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October 18, 1991 - Image 11

Resource type:
Text
Publication:
The Michigan Daily, 1991-10-18

Disclaimer: Computer generated plain text may have errors. Read more about this.

Ice Hockey
Blue-White Game
Tonight, 7:30 p.m.
Yost Ice Arena
The Michilgan Daily

SPORTS

Football
vs. Indiana
Tomorrow, 12:30 p.m. (ESPN)
Michigan Stadium

Fridav, October 18, 1991

Page 11

w<l
12:30 ESPN
INDIANA
Continued from page 1
averaging 464 yards per game.
Leading the attack is quarterback
Trent Green, who took last week's
"Big Ten Offensive Player-of-the-
Week honor.
"I've really been pleased with
Trent," Indiana coach Bill Mallory
said. "We felt the potential was
there; it was just a matter of him
pulling his game together. He just
has a lot more confidence. He's
given us excellent leadership ... I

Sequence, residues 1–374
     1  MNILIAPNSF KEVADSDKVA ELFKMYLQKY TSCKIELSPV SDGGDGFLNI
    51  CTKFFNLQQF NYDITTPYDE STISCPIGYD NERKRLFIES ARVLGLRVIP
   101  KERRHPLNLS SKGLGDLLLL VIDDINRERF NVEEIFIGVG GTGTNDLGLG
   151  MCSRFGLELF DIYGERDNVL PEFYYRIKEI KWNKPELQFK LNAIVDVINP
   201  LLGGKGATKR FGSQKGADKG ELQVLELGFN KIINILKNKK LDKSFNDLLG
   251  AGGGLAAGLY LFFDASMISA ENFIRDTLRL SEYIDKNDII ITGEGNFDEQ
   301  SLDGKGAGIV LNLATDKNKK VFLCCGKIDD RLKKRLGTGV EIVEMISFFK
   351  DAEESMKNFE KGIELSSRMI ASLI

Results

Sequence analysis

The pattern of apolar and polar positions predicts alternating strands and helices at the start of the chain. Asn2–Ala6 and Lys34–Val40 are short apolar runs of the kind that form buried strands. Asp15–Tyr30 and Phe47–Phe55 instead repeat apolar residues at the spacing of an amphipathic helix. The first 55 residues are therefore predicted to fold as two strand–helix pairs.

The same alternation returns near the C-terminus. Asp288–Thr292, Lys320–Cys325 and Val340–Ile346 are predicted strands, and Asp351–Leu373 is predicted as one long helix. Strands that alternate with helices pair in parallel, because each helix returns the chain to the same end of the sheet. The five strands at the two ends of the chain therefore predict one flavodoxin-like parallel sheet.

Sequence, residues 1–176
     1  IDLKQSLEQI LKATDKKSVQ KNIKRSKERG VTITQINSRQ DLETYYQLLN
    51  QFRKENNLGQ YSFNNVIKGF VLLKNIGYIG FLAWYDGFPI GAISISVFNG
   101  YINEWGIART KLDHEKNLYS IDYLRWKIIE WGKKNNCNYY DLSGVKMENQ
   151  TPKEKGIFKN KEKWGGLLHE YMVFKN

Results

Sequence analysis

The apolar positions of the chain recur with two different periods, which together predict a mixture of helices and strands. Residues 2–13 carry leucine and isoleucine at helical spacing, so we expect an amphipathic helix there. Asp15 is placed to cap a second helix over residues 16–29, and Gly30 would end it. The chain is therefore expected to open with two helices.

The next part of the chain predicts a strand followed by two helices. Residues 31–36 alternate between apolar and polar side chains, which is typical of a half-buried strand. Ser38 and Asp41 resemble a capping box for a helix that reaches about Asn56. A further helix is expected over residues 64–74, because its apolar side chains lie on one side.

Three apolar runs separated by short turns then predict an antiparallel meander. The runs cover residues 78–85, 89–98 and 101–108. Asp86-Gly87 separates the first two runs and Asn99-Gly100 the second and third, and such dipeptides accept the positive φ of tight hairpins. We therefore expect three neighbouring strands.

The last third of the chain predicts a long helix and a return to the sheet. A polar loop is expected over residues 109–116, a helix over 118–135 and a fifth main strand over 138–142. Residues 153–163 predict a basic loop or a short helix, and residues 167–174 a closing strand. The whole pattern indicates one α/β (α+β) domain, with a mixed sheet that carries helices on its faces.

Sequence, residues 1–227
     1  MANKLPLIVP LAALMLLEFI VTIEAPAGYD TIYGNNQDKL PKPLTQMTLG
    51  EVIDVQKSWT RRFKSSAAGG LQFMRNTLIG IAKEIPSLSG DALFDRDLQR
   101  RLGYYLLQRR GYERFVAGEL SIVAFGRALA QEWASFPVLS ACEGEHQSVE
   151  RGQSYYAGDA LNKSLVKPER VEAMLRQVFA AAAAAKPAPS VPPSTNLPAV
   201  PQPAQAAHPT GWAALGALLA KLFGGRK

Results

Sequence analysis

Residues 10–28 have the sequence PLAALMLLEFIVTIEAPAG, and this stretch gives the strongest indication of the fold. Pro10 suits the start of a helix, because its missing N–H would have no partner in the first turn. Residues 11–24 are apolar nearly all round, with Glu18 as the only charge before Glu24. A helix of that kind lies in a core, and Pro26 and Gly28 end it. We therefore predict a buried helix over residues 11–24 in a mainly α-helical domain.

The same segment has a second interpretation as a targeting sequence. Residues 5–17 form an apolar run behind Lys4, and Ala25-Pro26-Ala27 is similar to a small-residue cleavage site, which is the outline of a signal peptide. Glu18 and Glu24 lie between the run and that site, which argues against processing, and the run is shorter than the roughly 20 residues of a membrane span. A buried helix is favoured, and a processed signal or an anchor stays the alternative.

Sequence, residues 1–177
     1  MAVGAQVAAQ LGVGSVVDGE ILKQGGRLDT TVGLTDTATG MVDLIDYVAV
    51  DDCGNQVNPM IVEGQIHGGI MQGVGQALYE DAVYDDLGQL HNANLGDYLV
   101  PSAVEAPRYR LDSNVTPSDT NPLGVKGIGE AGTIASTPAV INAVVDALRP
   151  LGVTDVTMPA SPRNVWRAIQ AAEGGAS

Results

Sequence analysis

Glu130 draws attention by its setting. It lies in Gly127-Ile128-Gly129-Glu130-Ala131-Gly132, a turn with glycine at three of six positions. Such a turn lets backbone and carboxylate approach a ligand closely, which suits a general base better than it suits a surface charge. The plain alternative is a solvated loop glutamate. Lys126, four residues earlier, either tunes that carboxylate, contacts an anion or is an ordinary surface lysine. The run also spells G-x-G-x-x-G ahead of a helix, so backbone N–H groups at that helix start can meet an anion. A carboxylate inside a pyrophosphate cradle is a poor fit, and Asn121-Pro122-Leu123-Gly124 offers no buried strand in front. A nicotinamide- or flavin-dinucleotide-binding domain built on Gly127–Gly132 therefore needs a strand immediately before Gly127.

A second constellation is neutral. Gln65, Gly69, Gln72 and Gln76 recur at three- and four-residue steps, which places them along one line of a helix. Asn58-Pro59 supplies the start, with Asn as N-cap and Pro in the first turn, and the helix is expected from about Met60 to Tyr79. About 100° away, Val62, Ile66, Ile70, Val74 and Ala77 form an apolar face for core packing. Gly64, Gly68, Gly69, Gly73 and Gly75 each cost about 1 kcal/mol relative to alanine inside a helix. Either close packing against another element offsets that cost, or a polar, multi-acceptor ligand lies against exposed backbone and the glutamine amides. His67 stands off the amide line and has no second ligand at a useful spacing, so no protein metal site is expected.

can go on and on about him."
Playing behind Green is the
Hoosiers' most lethal weapon, se-
nior tailback Vaughn Dunbar.
Dunbar has rushed for 810 yards this
season.
"He's as tine a back as we'll face
all year," Moeller said. "He's not
only a strong, tough kid, but he's
got the speed, what I refer to as hit-
ting the home run."
Michigan will also have to pre-
pare for the different defensive

Elliott in line with 'M ' tradition'

by Jeff Sheran
Daily Football Writer
At first glance, Matt Elliott
looks big. But the 270-pound senior
plays left guard for Michigan,
alongside 320-pound tackle Greg
Skrepenak. That makes him look
small.
It's an irony Elliott has dealt
with since his first start in 1989,
but one that hasn't hindered his
play. His "diminutive" size makes
him the offensive line's smallest
player, but also the quickest.
"He always makes jokes about
it," said his brother Marc, the
Wolverines' first-year long snap-
per. "When he draws Xs and Os,
he'll draw a little 0 right next to a
real big one and say the little one
is me, the big one is Greg."
Elliott has managed to cope
with his unique size situation well
enough that tomorrow's game